In general, the main purpose of a film is to tell a story. As filmmakers, we have a wide variety of tools available to tell our story in a way that best affects the audience. These tools include dialogue, acting, music, and sound design, just to name a few. But as film is fundamentally a visual medium, images are the most powerful storytelling tool we have.
Once upon a time, films were shot in black and white. The only aspect of the film look the filmmaker could manipulate was the lightness or darkness of the shot. However, by the early 1950s, filmmakers had mostly adopted color film, which gave them a brand-new tool in their storytelling toolbox.
Colors can affect an audience in powerful ways. While different researchers have tried to assign certain psychological characteristics to different colors, our reaction to color is mostly subjective based on our own culture and experiences. However, all can agree that color has a significant effect on how we perceive visual images.
In the same way, how filmmakers use color is always subjective, depending on their own artistic intentions. However, we can usually understand what color means to the filmmaker by observing how it is used throughout a film.
This article is the first in a three-part series about color in film. First, we will cover the basics of color, then we will look at color psychology, and finally, we will analyze a case study about how color is practically applied in film.
Before we can talk about how to use color, we need to know exactly what it is. When a color is represented on film, a TV screen, or a computer monitor, it can be described using three characteristics: hue, saturation, and value. Each of these characteristics can be adjusted to create millions of distinct colors.
Hue describes the spectrum of light the color comes from. Looking at figure 1 below, hue is described by the top plane of the cylinder, also known as the color wheel. Hue is usually what we refer to when we talk about different colors. For example, red is a different hue than blue or green, but light blue is the same hue as dark blue.
Saturation describes the intensity of the color. It can also be a way of talking about “how much” color is present. In figure 1, saturation is represented by the radius of the cylinder. Notice how the center is white (no color) and becomes increasingly intense toward the edge. For example, cherry red has higher saturation than pink. Both are red hue, but with different intensities.
Value refers to the lightness or darkness of the color, which is also referred to as brightness. In figure 1, value is represented along the vertical axis of the cylinder. Notice how the hue and saturation remain the same, but the color becomes darker toward the bottom. For example, light red and dark red have the same hue and saturation, but they each have a different value.
With these three factors, we can create any color in the visual spectrum.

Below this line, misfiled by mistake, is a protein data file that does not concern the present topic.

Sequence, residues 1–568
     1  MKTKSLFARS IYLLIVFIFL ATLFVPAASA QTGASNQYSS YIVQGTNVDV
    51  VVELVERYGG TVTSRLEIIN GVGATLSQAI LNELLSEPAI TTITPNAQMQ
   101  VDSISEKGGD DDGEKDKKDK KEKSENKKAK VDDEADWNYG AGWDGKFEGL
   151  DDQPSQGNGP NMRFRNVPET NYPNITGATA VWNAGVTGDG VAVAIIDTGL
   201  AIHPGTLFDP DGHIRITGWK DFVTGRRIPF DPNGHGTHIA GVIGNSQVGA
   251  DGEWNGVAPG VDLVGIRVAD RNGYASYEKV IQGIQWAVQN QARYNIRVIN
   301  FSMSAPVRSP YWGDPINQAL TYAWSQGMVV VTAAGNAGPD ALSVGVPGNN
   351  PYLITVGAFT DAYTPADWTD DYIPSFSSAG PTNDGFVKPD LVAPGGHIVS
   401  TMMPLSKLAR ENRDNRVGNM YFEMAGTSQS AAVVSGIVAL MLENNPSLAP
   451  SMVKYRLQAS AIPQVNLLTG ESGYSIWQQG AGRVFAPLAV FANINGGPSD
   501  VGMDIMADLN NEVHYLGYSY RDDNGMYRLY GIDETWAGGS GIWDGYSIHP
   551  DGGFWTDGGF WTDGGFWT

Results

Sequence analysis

Figure 1. By HSV_color_solid_cylinder.png: SharkDderivative work: SharkD Talk - HSV_color_solid_cylinder.png, CC BY-SA 3.0, https://commons.wikimedia.org/w/index.php?curid=9801673
Since light is required to project and display film, we use what is known as an additive color process (figure 2). This means that within our cameras and computers systems, colors are added together to create the full spectrum. All the colors added together create white.
The basic colors in an additive scheme are red, green, and blue. There are also three intermediary colors, which are magenta (red + blue), cyan (blue + green), and yellow (red + green). From these six colors, every hue on the spectrum can be created.
Figure 2. By SharkD at English WikipediaLater versions were uploaded by Jacobolus at en.wikipedia. - Transferred from en.wikipedia to Commons., Public Domain, https://commons.wikimedia.org/w/index.php?curid=2529435
Another helpful concept for understanding the practical use of color in film is color temperature. Looking back at the color wheel (figure 1), you can notice a distinct division between the colors on the left and right sides of the wheel.
The colors on the right are referred to as cool colors while the colors on the left are referred to as warm colors. As you will see in subsequent articles, color temperature plays an important role in how we react emotionally and psychologically to color.
Everything that appears on screen and in the soundtrack is an opportunity to communicate to your viewer the tone and meaning of the story you’re trying to tell. Color in film is just another tool at your disposal. As you wouldn’t ignore acting or music, make sure your color choices are optimized to serve the story.
Color is everywhere, and while it may be arbitrary in real life, it always has a specific meaning when used in movies, or at least it should. Whether you intend to or not, the color choices you make will affect the viewer, so be sure to choose carefully and wisely!
Now that we know what color is on a technical level, we can start to understand how color works on an emotional and psychological level. Be sure to check out our next articles in the Color in Film series: Color Psychology and Case Study - The Matrix (1999).
If you are looking for a powerful tool to add a striking color cast to an image, you should add monochrome LUTs to your toolbox.
In previous generations, color correction and grading was a tedious and complicated chemical process that required specialized equipment and an expert colorist. While expert colorists are just as valuable today, the tools are much more accessible now than ever before thanks to software developers.
At Cinegrading, we spent countless hours researching Hollywood films to create the most effective monochrome LUTs on the market. If you’re interested in trying out some LUTs to give your footage a monochrome look, you can check out our +Cine Monochrome LUTs.
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